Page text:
Saturday, November 27

Covid-19: Police Questioned Their Own Vaccine Approach After Poor Acceptance of Reservations


The police hierarchy asked personnel not to get vaccinated at the beginning of the Covid-19 vaccine launch, unless they did so through the provider chosen by the police.

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Photo: RNZ / Patrice Allen

That was because the police were prioritizing knowing who had been vaccinated, rather than getting as many people as possible their inoculations, according to information obtained by RNZ under the Official Information Law.

At the same time, it was noted that staff who were able to get vaccinated through the police MedPro provider were slow to show up for their injections.

The government did not prioritize police officers when they announced their plan to launch the vaccine, with the vast majority at level four.

At first, only officers working in managed isolation had priority as part of level one: just over 200 officers.

In April, the government agreed to transfer 1,790 police officers to level 1B, because they would also be dispatched to MIQ facilities.

But the emails obtained by RNZ program staff were slow to come forward for their vaccinations.

Superintendent Mel Aitken, who is in charge of the vaccination campaign within the police, said an email was sent to all staff to encourage people to sign up.

“That was a decision made at the center after a period of time targeting identified Level 1 staff and with poor acceptance of bookings (despite sending reminders to each),” he said in an email exchange obtained by RNZ.

“I ran the risk of having clinics that were half full and vaccines wasted, so I opened them to everyone in the district.”

Police Association President Chris Cahill said he had not heard of staff resistance to getting vaccinated.

The slow uptake was likely due to shift work, because officers were eager to get vaccinated, he said.

“That would be my opinion, is that a large part of the staff in this cohort of 1700 were actually shift workers, so if you set up clinics during the day, a lot of them would not be registered to work, so they would not get there. , “Cahill said.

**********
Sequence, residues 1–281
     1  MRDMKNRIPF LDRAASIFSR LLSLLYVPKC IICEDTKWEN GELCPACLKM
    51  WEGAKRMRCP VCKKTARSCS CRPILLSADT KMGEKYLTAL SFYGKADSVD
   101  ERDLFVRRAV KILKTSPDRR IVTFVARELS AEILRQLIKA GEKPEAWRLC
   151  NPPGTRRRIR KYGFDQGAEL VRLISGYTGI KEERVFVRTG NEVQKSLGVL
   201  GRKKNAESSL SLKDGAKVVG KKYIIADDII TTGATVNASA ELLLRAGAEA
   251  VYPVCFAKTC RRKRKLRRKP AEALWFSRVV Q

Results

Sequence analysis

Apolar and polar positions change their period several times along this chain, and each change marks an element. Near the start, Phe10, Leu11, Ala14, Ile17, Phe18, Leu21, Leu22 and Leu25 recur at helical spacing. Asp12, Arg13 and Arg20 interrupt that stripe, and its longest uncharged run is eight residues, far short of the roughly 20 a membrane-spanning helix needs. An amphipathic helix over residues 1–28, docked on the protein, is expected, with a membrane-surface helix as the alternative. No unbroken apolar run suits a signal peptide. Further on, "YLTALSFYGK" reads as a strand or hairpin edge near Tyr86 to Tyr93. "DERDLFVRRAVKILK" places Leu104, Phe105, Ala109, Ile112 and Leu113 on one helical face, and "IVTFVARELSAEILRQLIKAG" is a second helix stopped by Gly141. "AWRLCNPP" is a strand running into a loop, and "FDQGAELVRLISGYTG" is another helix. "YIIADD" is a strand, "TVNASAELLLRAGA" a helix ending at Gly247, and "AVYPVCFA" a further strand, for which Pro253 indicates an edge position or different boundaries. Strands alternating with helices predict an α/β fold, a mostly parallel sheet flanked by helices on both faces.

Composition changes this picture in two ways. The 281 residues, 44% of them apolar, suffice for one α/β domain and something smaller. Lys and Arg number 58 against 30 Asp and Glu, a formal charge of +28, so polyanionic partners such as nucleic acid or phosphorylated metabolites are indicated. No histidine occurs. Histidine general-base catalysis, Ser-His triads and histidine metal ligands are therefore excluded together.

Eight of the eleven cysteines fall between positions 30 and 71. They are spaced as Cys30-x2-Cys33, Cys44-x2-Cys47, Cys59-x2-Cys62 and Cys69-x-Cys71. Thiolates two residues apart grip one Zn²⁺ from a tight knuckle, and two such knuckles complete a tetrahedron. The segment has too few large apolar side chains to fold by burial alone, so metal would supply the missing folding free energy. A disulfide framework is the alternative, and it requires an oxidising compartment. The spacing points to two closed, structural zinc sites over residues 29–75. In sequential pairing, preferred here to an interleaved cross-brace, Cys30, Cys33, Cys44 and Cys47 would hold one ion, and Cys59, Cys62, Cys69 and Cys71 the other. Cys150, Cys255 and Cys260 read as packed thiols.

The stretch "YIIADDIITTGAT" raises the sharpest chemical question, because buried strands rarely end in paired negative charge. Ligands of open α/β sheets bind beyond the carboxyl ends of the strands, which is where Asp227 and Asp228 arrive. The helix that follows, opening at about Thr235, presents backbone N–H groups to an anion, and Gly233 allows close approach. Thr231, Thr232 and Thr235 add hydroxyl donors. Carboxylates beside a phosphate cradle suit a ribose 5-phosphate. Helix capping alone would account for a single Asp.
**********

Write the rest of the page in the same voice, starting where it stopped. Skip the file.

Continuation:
“That would be my understanding, although it is not entirely clear to me.”

Aitken told RNZ 3000 staff that they were asked if they would like to join the launch of the Level 1B vaccine, and that the target number of 1,790 vaccinated employees was met within the planned time frame.

A week after those vaccines were approved, Chief Adviser to Police Commissioner Andrew Coster Cassandra Anderson asked if a shift in focus around vaccines was necessary.

“To date, we have encouraged people not to get vaccinated outside of the formal police and provider process,” Anderson wrote.

“This is mainly because we can know who has been vaccinated and schedule it in coordination with the flu vaccine and in accordance with the cabinet directive.”

Anderson asked Coster if the “status quo” should remain, or if they should accept that if some people or districts can get vaccinated sooner, they should stop.

RNZ understands that there were times when vaccination clinics had replacement vaccines at the end of the day, and their first port of call would be the local police station asking if they had staff who wanted to get vaccinated.

Often times, those offers were rejected.

Cahill said the police hierarchy soon changed its mind.

“The police were originally discouraged that because they were concerned they would not have a record of what police personnel had or had not been vaccinated with,” Cahill said.

“But they recognized it relatively quickly, it is actually better to vaccinate people and we will deal with the bureaucracy behind this later.”

The emails also show that the police were trying to change their designation and for the officers to be recognized as essential workers in need of inoculations.

But the commissioner was informed that his status could only change when Covid alert levels changed, essentially when an outbreak occurred.

Coster was told that the police could not make the cabinet’s decision easily reviewed.

Police finally received priority in late July, ahead of the rest of the nationwide level four deployment.

Mel Aitken said that 80 percent of police officers have received a vaccination and 64 percent are fully vaccinated.


www.rnz.co.nz

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